​It actually sounds quite simple: «Men and women have equal rights». This basic principle has been established in the Federal Constitution since 1981, and the Gender Equality Act (GEA) of 1996 sets out detailed provisions. Various agencies and organisations raise awareness about gender issues, and around one thousand people have so far taken legal action against discriminatory practices. Nevertheless, there are still inexplicable differences between the sexes when it comes to wage levels, training and promotion. Why is this? And what can be done to eliminate these differences?


Not the whole picture

In May 2018, the Federal Office for Gender Equality (FOGE) received the UN Public Service Award for Switzerland’s commitment to equal pay. But this is not the whole picture: in the same year Parliament passed a law requiring companies to carry out wage equality analyses, since they had proven unwilling to do so on a voluntary basis.

These two events show how, even 23 years after the introduction of the GEA, the situation regarding gender equality is still not clear-cut. And yet the foundations were laid as far back as 1981, by the popular initiative ‘Equal Rights for Men and Women’. Following this initiative, female kindergarten teachers in Basel won their fight for equal pay, which led to similar successes in other professions and in other cantons. 1986 was marked by another milestone, when Judith Stamm, member of the National Council for the CVP, proposed the creation of the Federal Office for Gender Equality. This authority began operating the very same year. And it had its work cut out.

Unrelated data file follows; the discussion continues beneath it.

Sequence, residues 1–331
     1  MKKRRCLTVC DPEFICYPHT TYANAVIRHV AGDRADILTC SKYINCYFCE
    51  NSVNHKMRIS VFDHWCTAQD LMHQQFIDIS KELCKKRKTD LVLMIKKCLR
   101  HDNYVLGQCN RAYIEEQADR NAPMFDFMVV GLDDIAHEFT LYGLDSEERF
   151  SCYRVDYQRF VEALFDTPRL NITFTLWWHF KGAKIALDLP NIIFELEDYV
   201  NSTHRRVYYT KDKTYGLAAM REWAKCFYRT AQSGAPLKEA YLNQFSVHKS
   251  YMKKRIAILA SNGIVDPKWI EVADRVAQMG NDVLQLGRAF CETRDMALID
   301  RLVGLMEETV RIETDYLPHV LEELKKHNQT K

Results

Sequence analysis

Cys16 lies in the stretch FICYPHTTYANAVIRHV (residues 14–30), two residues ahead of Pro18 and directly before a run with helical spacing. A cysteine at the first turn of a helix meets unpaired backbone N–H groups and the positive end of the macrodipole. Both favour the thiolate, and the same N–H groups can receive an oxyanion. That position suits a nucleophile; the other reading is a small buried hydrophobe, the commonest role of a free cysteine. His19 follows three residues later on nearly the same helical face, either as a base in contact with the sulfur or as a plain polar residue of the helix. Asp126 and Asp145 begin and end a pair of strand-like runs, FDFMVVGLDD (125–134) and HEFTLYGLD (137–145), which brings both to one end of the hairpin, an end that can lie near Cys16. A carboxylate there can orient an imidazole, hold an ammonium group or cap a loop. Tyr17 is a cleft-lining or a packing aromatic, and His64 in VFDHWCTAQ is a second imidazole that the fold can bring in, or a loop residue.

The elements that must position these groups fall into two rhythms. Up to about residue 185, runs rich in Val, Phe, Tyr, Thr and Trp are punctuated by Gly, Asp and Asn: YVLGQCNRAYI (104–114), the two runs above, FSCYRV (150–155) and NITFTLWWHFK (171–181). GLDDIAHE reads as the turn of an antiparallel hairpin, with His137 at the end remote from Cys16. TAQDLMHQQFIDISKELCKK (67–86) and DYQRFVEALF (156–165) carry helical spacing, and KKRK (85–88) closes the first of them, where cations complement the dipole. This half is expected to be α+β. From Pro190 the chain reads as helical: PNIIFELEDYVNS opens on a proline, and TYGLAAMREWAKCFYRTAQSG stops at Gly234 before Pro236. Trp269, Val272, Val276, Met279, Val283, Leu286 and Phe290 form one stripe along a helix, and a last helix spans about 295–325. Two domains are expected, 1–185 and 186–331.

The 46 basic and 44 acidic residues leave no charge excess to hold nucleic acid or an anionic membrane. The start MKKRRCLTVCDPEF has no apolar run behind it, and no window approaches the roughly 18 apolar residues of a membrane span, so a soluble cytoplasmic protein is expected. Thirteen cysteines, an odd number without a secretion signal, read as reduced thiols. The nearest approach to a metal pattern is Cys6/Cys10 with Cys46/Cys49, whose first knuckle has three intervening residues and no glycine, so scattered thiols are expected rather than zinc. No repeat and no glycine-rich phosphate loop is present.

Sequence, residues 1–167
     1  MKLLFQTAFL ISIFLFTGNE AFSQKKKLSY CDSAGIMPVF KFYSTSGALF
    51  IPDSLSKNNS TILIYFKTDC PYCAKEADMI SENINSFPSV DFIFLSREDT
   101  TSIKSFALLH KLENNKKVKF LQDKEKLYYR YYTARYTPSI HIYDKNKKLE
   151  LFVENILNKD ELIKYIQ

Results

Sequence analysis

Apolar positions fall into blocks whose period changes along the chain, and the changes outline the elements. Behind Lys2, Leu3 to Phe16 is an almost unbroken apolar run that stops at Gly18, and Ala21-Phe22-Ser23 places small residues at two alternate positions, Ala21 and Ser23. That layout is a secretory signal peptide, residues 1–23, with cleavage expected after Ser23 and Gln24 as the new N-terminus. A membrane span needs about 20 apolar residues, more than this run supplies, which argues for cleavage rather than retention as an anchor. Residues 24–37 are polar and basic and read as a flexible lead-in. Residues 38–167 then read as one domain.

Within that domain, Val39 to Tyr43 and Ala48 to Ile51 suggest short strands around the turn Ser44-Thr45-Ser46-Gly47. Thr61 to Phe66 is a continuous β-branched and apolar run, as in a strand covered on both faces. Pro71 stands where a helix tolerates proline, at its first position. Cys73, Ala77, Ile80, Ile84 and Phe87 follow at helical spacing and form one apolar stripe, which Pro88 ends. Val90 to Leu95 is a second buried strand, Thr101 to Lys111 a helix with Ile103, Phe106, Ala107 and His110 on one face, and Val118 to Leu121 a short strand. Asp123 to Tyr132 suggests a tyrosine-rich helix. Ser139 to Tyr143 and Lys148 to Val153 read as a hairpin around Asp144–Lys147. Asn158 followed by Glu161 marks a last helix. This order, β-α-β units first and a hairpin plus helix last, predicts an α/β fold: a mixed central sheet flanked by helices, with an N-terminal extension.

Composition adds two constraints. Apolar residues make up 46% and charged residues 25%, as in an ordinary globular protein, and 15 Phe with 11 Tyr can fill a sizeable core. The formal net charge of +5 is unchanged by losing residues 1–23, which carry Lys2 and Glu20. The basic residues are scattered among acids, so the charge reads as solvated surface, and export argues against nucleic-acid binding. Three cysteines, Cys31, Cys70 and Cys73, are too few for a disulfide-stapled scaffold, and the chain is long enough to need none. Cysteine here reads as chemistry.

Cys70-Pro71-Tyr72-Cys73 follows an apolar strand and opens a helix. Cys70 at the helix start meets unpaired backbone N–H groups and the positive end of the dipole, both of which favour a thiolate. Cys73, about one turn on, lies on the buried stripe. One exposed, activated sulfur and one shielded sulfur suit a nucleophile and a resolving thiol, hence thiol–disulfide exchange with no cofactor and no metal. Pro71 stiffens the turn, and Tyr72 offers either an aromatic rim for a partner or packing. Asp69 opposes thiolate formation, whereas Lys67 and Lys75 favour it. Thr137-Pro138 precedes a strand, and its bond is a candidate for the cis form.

CVP National Council member Judith Stamm fought for the creation of the Federal Office for Gender Equality in the 1980s.

All good things come to those who wait

In 1994, Green Party MP Cécile Bühlmann’s negative reformulation of the German saying «All good things come to those who wait» expressed the anger and impatience that united women’s organisations from across the political spectrum. The gender pay gap still existed; it was statistically demonstrable, but not explained. When the National Council debated the draft of the Gender Equality Act, there was still some discussion about whether such a piece of legislation was really necessary.

Judith Stamm, speaking on behalf of the committee, said that the law should «as a matter of course» give detail to the ban on discrimination and protect the rights of those affected. However, not all women saw it that way. The FDP-member Suzette Sandoz rejected the proposal, claiming that it restricted freedoms, and was even unconstitutional, since it encroached on the sovereignty of the cantons. Elisabeth Zölch from the SVP supported the bill: «The goal is far from being reached. From a legal point of view, this legislation is essential.»
Parliament rose to the call. In 1996 the GEA passed into law.

Hopes fulfilled?